Indigenous leaders attend COP-26 and demonstrate application of traditional knowledge to combat climate change

Several Indigenous leaders —mostly women— attended COP26 in Glasgow. They sought to communicate strategies adopted by traditional communities in the Amazon to combat the impacts of climate change. Their agenda included topics such as using clean energy, adapting their ways of life, and working for the conservation of the standing forest and its biodiversity. 

"We knew that Indigenous Peoples would have a voice and space at the Climate Conference. Therefore, it was a great opportunity to share the strategies we have adopted on climate change," says Indigenous leader Sineia do Vale, who highlighted the challenges of getting to Glasgow during the pandemic. These included documentation requirements (including proof of vaccination) and her first in-person meeting since the first COVID-19 outbreak. 

According to Sineia, one project presented at COP26 was the installation of a wind turbine at the Tamanduá community, at the Raposa Serra do Sol Indigenous Land in the state of Roraima —now nearly ready for deployment. Another presentation was the Indigenous brigades, whose goal is to prevent and fight forest fires in the Amazon. These programs are all supported by the Roraima Indigenous Council (CIR).

Sineia was born in the Serra da Lua region, and is a member of the Wapichana Indigenous People. She coordinates the Territorial and Environmental Management Department at CIR, where she has worked since the late 1990s. She is helping to disseminate a publication on Raposa Serra do Sol Indigenous communities' perceptions on climate change.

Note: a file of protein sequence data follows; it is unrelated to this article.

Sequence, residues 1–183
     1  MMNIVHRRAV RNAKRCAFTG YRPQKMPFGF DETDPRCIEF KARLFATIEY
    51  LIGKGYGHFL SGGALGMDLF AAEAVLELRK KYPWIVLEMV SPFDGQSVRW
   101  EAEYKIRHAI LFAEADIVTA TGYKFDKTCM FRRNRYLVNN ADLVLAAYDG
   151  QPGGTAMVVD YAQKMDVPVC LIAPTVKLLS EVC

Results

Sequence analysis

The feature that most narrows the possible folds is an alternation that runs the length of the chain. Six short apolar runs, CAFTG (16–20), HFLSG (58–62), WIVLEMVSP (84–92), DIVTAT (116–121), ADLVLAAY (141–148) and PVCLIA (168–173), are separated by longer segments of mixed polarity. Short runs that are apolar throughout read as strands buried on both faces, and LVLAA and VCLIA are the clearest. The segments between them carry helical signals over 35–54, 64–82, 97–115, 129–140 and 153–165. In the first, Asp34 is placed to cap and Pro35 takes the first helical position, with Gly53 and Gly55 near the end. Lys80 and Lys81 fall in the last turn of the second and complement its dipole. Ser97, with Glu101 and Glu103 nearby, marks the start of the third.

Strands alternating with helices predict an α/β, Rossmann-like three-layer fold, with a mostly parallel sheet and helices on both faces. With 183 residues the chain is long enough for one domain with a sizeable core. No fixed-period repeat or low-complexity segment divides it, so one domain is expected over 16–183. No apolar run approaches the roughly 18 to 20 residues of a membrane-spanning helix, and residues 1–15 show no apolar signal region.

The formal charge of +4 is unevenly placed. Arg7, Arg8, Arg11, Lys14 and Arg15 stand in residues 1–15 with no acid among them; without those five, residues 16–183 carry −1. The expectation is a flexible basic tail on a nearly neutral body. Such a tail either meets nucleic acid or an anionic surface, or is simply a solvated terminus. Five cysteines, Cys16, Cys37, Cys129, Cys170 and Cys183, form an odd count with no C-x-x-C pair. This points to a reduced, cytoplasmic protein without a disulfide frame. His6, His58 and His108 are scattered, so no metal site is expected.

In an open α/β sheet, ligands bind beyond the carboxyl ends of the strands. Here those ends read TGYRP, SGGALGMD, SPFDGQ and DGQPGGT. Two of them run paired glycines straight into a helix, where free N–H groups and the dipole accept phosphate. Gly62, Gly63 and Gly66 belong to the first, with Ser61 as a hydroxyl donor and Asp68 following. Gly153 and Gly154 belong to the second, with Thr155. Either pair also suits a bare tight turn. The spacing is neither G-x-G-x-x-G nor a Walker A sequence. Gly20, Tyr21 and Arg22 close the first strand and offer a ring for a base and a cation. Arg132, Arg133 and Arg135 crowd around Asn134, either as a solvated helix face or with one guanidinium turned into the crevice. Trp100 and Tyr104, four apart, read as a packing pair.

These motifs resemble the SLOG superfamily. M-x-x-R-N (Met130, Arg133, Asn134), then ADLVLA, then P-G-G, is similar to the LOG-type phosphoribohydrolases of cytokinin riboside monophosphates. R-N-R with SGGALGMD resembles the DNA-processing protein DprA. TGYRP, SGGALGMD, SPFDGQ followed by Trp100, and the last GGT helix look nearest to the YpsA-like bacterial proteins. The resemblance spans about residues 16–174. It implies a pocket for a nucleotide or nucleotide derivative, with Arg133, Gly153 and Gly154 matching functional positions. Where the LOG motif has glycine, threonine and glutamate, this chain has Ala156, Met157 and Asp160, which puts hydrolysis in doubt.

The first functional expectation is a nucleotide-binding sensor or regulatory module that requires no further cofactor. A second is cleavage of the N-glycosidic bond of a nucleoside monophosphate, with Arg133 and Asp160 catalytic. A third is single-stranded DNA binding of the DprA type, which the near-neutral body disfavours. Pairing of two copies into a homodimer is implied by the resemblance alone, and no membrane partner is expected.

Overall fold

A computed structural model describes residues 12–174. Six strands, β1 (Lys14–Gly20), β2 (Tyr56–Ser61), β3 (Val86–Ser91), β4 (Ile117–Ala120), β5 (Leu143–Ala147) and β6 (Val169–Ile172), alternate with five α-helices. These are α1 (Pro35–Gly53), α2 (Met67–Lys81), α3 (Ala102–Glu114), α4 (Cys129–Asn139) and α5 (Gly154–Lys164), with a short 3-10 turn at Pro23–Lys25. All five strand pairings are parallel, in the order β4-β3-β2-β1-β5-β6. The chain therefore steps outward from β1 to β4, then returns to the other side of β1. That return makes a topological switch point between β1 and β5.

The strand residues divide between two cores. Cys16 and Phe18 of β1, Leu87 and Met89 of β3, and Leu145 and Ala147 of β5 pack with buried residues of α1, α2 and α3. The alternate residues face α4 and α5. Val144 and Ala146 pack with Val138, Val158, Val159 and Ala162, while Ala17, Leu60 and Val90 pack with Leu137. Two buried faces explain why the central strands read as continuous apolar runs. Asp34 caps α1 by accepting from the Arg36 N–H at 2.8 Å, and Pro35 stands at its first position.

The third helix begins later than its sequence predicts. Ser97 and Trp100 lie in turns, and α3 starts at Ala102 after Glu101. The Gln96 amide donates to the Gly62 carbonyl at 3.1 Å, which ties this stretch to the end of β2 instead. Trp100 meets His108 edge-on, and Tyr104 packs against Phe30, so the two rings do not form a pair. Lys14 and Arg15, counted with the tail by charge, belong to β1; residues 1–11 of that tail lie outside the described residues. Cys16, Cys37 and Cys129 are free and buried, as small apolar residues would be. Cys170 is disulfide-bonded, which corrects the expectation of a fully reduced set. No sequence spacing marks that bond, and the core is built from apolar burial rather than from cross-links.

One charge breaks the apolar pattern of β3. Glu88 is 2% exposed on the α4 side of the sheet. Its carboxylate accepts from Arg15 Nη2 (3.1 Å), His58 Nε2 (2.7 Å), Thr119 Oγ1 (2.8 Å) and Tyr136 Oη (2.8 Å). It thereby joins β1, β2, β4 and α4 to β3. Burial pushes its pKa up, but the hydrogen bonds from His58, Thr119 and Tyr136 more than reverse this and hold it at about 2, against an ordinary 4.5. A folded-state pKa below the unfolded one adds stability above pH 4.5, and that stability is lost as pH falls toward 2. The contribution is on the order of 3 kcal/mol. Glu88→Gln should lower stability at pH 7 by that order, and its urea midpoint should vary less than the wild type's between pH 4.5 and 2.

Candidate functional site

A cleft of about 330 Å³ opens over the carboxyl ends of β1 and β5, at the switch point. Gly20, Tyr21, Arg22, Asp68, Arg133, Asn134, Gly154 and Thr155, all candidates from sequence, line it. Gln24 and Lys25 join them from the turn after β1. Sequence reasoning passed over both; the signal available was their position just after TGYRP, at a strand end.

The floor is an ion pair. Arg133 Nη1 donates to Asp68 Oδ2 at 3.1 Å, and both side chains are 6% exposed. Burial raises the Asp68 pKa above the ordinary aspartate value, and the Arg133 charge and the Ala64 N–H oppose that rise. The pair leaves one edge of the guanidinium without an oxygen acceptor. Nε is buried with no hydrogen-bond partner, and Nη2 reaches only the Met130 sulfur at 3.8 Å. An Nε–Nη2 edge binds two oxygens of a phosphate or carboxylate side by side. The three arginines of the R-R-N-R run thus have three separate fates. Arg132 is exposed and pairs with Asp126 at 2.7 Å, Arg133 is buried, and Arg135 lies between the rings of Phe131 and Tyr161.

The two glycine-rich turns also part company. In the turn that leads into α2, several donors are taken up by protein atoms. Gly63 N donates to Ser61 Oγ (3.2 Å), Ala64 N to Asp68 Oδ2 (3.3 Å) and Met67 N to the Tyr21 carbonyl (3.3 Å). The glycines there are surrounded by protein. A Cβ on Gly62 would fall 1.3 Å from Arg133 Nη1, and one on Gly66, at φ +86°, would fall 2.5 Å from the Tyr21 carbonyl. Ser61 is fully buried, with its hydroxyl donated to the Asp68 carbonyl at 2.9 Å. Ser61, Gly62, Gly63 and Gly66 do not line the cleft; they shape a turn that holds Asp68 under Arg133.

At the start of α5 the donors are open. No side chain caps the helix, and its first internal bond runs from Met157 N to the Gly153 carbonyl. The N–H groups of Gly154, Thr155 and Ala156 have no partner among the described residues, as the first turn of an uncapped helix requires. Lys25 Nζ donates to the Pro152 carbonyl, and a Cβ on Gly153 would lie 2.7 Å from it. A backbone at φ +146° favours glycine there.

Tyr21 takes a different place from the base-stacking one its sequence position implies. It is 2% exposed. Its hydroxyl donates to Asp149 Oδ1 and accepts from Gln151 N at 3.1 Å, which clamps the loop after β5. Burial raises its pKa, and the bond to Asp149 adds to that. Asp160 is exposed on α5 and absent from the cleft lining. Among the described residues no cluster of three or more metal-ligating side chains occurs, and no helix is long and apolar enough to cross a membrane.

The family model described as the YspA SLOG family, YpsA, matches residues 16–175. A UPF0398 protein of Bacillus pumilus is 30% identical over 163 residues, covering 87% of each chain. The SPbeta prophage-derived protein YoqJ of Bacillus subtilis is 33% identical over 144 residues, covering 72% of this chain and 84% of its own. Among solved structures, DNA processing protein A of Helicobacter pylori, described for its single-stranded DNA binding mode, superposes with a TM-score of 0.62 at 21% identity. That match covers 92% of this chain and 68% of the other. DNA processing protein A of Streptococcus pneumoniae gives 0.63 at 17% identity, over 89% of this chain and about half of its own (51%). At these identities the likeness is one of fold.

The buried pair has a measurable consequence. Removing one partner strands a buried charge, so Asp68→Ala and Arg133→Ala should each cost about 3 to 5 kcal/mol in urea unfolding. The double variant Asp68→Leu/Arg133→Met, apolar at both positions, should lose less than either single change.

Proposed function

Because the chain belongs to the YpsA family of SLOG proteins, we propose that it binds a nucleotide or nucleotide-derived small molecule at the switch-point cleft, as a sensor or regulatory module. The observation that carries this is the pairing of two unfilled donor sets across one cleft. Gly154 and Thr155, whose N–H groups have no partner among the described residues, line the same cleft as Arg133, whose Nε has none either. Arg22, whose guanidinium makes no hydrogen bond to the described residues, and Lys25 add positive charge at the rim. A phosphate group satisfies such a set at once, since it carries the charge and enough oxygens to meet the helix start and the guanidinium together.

“Due to the pandemic, many people who were doing fieldwork had to adapt their practices, and that's why our study was a little delayed, but we are now planning to issue it in the first quarter," explains Sineia.

Fieldwork is carried out by Indigenous and environmental officers trained in data mapping and information collection. 

These initiatives are part of the Bem Viver project, which promote the well-being of indigenous peoples in the state of Roraima, developed under the Partnership for the Conservation of Amazon Biodiversity (PCAB) with support from USAID/Brazil. 

Bem Viver is implemented by CIR in conjunction with the Brazilian Education Institute (IEB), and Nature and Culture International (NCI). It aims to promote governance and support the territorial and environmental management of Indigenous lands. The project implements the National Policy for Territorial and Environmental Management of Indigenous Land (PNGATI), and structures sustainable Indigenous cattle-farming practices. They were introduced by communities in the region more than four decades ago

Plans — Under the project, three Indigenous Lands managed to develop and implement Territorial and Environmental Management Plans (PGTAs) last year: Serra da Moça, Manoa Pium, and Centro Maturuca. The Mangueira, Boqueirão, and Jacamim communities, located in Serra da Lua, are finalizing their plans this year.

PGTAs encourage autonomy and self-determination of indigenous peoples with a focus on environmental protection and territorial control. They bring together reflections and plan for the sustainable use of Indigenous lands to improve their quality of life and strengthen their cultures and traditions. In addition, they provide useful input for policy design. 

“It's very gratifying to support ideas proposed by the communities themselves, and to see so many positive results. It's not a top-down approach—we are not imposing anything they don't want. They have the autonomy to decide what they want," adds Sineia.